Michigan football is amid its best run in two generations.

The Wolverines' record over their last 34 games is 31-3. To find a better performance over that same kind of stretch, you have to go back to 1972 through the first week of the '75 season, when Bo Schembechler's Michigan squads put together a 31-2-1 mark.

Over the last two-and-a-half seasons, Michigan has lost just one league game en route to dominating the Big Ten to the tune of two conference championships, with a third seemingly on the way. The Wolverines have also owned Ohio State, winning both matchups by at least two scores, and a third consecutive win over the Buckeyes appears likely. (And if that does come to pass, it'll be the first time U-M takes three straight from OSU since '95-'97.)

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So why is the coach who has presided over the best tear Michigan football has enjoyed in a half-century just the fourth-highest paid in the Big Ten and outside of the top 12 nationally? You can safely bet Jim Harbaugh would like to hear U-M leadership explain that one.

Harbaugh's contract hasn't been altered since right after the 2021 season. He flirted with the NFL almost immediately after U-M lost in the College Football Playoff to Georgia that year, but Michigan took the cue and rewarded him with a five-year extension through 2026 that raised his base salary by $3 million. Harbaugh is earning $8.3 million this season, which puts him behind Ohio State's Ryan Day, Michigan State's now-fired coach Mel Tucker, and Penn State's James Franklin, according to Front Office Sports.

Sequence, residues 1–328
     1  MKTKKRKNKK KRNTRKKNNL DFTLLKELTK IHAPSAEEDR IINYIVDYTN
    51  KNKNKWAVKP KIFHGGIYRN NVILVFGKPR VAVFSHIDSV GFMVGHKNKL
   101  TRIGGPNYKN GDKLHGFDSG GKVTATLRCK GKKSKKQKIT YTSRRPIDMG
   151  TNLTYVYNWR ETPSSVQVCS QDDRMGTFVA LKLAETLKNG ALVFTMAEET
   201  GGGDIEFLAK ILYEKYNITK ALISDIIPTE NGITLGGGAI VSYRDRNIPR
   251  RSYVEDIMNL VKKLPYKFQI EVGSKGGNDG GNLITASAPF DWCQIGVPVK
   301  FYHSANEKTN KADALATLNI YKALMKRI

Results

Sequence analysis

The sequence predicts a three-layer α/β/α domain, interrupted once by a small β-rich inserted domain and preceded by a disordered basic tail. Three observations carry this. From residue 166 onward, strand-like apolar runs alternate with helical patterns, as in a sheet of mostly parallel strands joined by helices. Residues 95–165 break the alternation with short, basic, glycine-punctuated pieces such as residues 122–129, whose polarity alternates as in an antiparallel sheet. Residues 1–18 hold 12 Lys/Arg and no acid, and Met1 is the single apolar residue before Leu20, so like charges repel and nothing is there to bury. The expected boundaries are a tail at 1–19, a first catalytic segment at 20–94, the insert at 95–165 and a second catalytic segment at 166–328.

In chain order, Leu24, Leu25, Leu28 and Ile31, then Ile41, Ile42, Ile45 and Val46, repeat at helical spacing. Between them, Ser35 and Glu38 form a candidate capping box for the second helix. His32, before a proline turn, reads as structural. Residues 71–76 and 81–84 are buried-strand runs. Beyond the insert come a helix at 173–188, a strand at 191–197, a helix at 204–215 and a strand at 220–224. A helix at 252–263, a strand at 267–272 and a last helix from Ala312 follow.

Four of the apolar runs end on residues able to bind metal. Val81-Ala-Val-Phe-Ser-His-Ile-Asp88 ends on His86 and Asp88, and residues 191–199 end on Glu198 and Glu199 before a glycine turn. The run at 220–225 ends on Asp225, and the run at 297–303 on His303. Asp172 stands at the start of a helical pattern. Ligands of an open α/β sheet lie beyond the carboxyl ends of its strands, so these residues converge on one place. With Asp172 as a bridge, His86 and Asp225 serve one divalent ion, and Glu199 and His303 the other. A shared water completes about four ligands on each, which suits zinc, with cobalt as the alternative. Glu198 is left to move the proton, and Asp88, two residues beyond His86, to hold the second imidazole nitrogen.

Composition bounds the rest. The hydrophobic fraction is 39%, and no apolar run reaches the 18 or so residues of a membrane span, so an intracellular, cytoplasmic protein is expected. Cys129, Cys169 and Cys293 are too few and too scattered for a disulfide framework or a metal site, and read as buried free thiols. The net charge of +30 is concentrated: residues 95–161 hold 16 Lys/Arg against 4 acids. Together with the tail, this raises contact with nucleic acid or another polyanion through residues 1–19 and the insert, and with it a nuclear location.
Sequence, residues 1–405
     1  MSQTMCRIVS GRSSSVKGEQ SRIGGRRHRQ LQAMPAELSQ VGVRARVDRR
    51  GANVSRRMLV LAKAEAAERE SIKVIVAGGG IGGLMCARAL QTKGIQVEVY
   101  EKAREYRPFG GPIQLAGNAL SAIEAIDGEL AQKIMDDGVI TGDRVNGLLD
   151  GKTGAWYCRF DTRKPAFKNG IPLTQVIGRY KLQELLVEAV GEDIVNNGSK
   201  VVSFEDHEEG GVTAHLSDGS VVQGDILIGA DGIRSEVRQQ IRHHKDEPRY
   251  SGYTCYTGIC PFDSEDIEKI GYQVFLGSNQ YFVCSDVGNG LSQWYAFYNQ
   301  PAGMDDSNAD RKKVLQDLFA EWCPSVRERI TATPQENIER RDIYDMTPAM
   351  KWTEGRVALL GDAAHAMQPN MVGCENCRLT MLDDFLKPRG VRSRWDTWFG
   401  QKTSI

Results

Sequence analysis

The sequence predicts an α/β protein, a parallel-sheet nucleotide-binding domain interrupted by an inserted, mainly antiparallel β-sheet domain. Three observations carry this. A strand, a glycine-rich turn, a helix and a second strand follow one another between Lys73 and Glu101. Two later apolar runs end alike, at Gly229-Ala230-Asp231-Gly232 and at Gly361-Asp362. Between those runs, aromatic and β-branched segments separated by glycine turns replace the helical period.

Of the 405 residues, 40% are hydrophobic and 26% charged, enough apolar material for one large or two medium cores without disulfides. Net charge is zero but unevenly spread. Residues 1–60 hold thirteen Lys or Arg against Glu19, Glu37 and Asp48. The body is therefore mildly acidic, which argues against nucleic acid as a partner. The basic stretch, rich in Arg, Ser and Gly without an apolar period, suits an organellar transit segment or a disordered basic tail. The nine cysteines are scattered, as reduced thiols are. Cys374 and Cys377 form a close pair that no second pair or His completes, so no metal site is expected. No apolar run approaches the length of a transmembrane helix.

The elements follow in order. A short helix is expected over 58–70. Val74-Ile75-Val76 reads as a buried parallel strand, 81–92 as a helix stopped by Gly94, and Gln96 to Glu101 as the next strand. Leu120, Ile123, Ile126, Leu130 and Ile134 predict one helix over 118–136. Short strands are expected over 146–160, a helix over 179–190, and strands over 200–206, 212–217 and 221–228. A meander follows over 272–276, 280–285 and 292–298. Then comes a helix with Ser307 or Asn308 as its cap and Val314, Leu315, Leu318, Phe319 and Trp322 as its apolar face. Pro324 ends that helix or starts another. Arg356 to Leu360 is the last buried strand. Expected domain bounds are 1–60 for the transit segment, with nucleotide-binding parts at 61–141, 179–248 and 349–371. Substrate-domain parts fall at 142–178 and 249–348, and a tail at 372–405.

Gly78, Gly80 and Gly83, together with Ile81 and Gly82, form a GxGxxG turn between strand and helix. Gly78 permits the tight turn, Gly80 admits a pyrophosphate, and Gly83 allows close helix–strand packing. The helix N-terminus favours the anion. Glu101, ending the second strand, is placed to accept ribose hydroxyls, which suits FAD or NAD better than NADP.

A new deal for Harbaugh has been a topic for a while now. This past offseason featured a second-straight dalliance with the NFL that ultimately ended without an offer. Harbaugh returned to U-M, and the university's president very publicly vouched for him, announcing a new contract was in the works.

That, of course, was peculiar. Athletic directors handle these kinds of personnel matters, not university presidents. But there were rumblings then — that still persist today — that Harbaugh and Michigan AD Warde Manuel are not on the best of terms. You can understand why, at least from Harbaugh's perspective.

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What's the hold-up on U-M's end? Well, there's that pesky matter of an NCAA investigation into Harbaugh for recruiting violations, including a Level I offense for allegedly lying to NCAA investigators. That issue is ongoing, even though U-M self-imposed a three-game suspension for Harbaugh to start the 2023 season — which didn't help mend fences between Harbaugh and Manuel, as you could probably guess. The Powers That Be in Ann Arbor reportedly don't like that their head coach is caught up in that kind of a mess.

We also have to address the elephant in the room: Harbaugh just burns people out. Before taking over at Michigan, he had never held on to a head coaching job for more than four seasons. Now he's in his ninth year with the Wolverines. I've been told by multiple U-M donors and connected types that many in positions of influence can't stand Harbaugh, but the results he's produced the last two-and-a-half seasons have given them enough reason to tolerate him further. And with Michigan currently primed for a national championship run, it's safe to assume those people will continue to hold their noses and bear it.